Effector and regulatory T cell responses and protection from clinical malaria
Investigator: Margaret Feeney, MD
Sponsor: NIH National Institute of Allergy and Infectious Disease
Malaria is a leading killer of children worldwide, but efforts to develop a preventive vaccine have failed due to our limited understanding of the immune response to infection. We will perform detailed longitudinal studies of the immune response to malaria in Ugandan infants participating in a chemoprevention trial, as well as cross- sectional studies of Ugandan adults and children from high and low malaria transmission settings. The resulting data will be analyzed to identify correlates of prospective protection from malaria, which can be used to guide malaria vaccine design.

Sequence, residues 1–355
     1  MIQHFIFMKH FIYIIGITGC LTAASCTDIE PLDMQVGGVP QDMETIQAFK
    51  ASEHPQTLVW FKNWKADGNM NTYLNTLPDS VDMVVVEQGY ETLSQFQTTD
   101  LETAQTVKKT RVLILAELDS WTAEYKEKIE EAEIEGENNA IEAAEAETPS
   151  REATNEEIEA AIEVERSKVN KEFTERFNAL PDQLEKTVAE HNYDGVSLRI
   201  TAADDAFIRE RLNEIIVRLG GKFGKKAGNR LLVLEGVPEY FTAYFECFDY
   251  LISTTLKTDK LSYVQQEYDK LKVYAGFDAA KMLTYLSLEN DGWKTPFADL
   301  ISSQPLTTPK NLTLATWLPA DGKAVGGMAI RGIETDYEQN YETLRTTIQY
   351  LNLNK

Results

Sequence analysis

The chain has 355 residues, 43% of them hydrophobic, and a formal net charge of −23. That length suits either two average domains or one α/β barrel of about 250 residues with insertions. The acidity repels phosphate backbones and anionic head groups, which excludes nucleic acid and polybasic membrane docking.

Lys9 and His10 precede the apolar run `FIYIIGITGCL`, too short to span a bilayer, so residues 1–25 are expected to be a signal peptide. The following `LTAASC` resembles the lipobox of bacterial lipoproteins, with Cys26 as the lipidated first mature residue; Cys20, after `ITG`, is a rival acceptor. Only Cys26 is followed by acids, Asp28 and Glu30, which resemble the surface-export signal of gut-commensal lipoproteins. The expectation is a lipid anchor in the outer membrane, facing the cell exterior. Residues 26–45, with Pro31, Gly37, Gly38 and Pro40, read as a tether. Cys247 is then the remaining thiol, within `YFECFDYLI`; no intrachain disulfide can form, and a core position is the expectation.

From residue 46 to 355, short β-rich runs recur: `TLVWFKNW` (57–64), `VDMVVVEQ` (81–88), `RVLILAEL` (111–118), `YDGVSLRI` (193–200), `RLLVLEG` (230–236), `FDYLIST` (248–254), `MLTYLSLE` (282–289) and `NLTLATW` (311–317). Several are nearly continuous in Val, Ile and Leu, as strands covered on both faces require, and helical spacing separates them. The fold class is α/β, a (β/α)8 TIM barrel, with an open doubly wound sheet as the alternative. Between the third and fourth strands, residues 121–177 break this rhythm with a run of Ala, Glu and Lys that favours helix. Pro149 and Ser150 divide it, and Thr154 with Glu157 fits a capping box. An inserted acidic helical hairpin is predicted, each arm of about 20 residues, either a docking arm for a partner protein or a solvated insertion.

An effective malaria vaccine is urgently needed, but progress toward this goal has been hindered by our limited understanding of the mechanisms underlying immunity to malaria and a lack of reliable in vitro correlates of protection. It has recently been shown that protective immunity to malaria can be achieved by experimental infection with viable sporozoites under "cover" of antimalarial drugs that eradicate blood-stage parasites but allow the pre-erythrocytic parasite stages to develop. This regimen induces CD4 T cells that produce IL-2, TNFα, and IFNγ and results in sterile protection from homologous challenge that persists for at least 2 years. In the prior funding period, we tested the hypothesis that chemoprevention coupled with natural exposure to malaria could yield similar protection when given to children in a high endemnicity setting, leveraging a randomized trial of monthly dihydroartemisinin-piperaquine (DP) chemoprevention given to young children in Uganda. We found that children highly adherent to monthly DP exhibited sustained protection against naturally occurring malaria strains during one year of follow-up after the intervention ended. Children randomized to DP developed higher frequencies of malaria-specific CD4 T cells co-producing IL-2/TNFα, which were associated with prospective protection, and lower frequencies of CD4 cells co-producing IL10/IFNγ, which were associated with increased risk. These data suggest that the functional quality of the CD4 T cell response is influenced by chemoprevention and is a critical determinant of protective immunity. In the renewal period, we wish to more fully characterize the functional, phenotypic, and transcriptional differences in T cell responses associated with protection by leveraging samples and data from a new trial, currently underway, in which pregnant women and their infants are randomized to receive monthly DP chemoprevention during pregnancy and the first 2 years of life. We will assess how chronic malaria antigen exposure impacts both CD4 T cells and Vδ2+ γδ T cells, a semi-innate lymphocyte population with intrinsic reactivity to malaria antigens. In the first aim, we will characterize CD4 T cell responses associated with protection from malaria in children receiving monthly DP chemoprevention, and determine how the phenotype, function, and transcriptional program of malaria-specific CD4 cells is impacted by chronic malaria antigen exposure. In the second aim, we will determine how malaria exposure impacts the Vγ9Vδ2 T cell population, including their frequency, differentiation status, clonotype composition, and expression of activating and inhibitory NK receptors (NKRs). We will also examine the impact of NKR expression on functional responsiveness to malaria antigens. In the third aim, we will measure associations between malaria-specific T cell responses (CD4 and Vγ9Vδ2) and protection from P. falciparum parasitemia and symptomatic malaria. These studies will address fundamental gaps in our understanding of the cellular and molecular mechanisms underlying protective immunity to malaria, and could provide a strong public health rationale for implementing malaria chemoprevention during pregnancy or early infancy.